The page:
What to Think About Iran's Nuclear Program Right Now


The announcement by the now-former head of the Mossad, Meir Dagan, that sanctions and subterfuge (including and especially the Stuxnet worm) have delayed Iran's nuclear program  has caused many people, yours truly included, to breathe a little bit easier about this crisis (though Dagan, apparently under pressure, partially retracted his sunny intelligence estimate). Iran's intentions and ambitions haven't changed, of course -- this is a crucial point --  but any delay is a good thing. Last June, when I wrote an article about Israel and Iran, I placed the chances of an Israeli strike on Iran this year (2011) at greater 50 percent, if sanctions and so-called foiling operations -- sabotage, assassination, and the like -- didn't work. So far, though, the sanctions regime put in place by President Obama has so far worked better than a lot of people thought they would (me included) and Stuxnet has crippled twenty percent of Iran's centrifuges.

So I was surprised to read the following observation in an Aluf Benn piece in Ha'aretz, in which he makes reference to Dagan's retirement, and the retirement of the Israeli army's chief of staff, Gabi Ashkenazi, as well. Both men are thought to be opposed to a unilateral Israeli strike on Iran. Benn wrote, "(T)he opponents of an attack on Iran are retiring one by one, broadening the premier's freedom of action."

Which raises the question, the premier's freedom of action for what? If Iran is really three or four years away from crossing the nuclear threshold, why would there even be a thought of an attack in the coming period of time? I called a high-level Israeli source, one of the sources for my article last year, and asked him what this could mean. "Don't forget that the people who will make the decision are Bibi and (Ehud) Barak," the defense minister, he said. "Not Dagan, not Gabi, not anyone else. Iran is set back for the moment. It's a very significant problem that Iran has. But this situation can change quickly and Bibi knows this."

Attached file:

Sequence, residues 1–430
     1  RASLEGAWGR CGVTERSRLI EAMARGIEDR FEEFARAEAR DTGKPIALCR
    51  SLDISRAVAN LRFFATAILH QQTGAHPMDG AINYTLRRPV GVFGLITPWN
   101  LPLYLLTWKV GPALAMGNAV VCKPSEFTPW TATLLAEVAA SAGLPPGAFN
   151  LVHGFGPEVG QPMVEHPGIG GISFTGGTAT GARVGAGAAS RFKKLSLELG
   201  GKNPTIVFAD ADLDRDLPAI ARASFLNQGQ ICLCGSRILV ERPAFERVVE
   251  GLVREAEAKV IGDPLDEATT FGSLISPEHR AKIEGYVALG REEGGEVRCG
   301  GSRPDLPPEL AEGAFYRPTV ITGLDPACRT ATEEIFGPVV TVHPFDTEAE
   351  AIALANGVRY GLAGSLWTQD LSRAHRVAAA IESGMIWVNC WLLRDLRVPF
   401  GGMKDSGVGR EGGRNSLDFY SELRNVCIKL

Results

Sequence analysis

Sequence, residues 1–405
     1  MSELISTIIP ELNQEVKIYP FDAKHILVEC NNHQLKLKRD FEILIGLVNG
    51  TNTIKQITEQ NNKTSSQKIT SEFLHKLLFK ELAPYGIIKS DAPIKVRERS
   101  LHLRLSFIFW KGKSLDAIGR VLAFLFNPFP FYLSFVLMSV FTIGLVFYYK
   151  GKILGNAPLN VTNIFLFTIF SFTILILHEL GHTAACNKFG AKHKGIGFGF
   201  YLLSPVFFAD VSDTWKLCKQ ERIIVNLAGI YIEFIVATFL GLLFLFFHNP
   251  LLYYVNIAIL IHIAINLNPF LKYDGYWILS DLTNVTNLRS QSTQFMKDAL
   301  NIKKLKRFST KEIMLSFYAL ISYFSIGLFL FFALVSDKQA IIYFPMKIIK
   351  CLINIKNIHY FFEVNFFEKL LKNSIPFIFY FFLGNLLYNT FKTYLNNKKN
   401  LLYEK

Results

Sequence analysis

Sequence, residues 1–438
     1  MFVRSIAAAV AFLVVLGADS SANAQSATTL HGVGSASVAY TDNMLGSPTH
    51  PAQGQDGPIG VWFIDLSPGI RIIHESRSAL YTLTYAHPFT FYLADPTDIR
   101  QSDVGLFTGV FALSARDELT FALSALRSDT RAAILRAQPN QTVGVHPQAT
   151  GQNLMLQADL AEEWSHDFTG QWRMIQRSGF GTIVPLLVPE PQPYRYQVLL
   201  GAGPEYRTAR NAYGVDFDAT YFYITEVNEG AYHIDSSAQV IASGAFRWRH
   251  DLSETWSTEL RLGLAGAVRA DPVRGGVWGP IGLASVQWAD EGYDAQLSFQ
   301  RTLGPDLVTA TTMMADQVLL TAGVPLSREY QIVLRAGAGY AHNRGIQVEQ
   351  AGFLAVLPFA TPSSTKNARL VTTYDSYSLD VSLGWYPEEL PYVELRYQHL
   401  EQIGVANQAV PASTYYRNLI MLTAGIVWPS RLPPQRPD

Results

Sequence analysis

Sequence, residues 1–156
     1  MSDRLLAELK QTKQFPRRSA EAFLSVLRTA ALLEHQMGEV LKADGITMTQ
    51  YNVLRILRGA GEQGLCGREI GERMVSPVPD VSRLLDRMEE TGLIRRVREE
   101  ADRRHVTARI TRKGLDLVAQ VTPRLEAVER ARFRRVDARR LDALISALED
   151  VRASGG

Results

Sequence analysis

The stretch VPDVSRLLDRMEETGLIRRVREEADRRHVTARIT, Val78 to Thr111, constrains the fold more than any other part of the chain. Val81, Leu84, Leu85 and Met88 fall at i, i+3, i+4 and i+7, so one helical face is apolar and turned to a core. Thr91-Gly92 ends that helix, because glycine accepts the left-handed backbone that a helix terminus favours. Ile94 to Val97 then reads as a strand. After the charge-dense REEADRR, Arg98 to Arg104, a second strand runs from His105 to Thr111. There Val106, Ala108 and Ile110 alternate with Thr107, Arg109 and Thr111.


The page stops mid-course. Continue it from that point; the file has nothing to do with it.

For now, I am fairly confident that Iran's technical problems will continue, and it has become harder and harder for Iran to get the parts and raw materials for the next-generation centrifuges that it seeks. The Obama Administration is worried that Dagan's comments will cause other nations to relax their stance on Iran (Dagan's words may have had a Heisenbergian effect; the act of observing Iran's problems, especially those due to sanctions, may cause the sanctions to weaken over time). Bibi, from what I understand, is worried about sanctions, and also worried that Iran's difficulties are temporary.

For an in-depth discussion of the Iran program's technical issues, see the new article by David Albright, the former U.N. weapons inspector, and Andrea Stricker. It's all interesting; here's one important observation:

With so many problems in the first generation of centrifuges, Iran has said its future depends on the advanced centrifuges now under development at Natanz and elsewhere. But their large-scale use may be delayed.  The United States estimates that Iran again faces raw material shortages, specifically of high-quality carbon fiber. Iran may have enough components to build about 1,000 advanced centrifuges. Some of these centrifuges are five times more powerful than the IR-1 centrifuge, so 1,000 advanced centrifuges would have the same output as 5,000 IR-1s -and be far easier to hide in a secret site.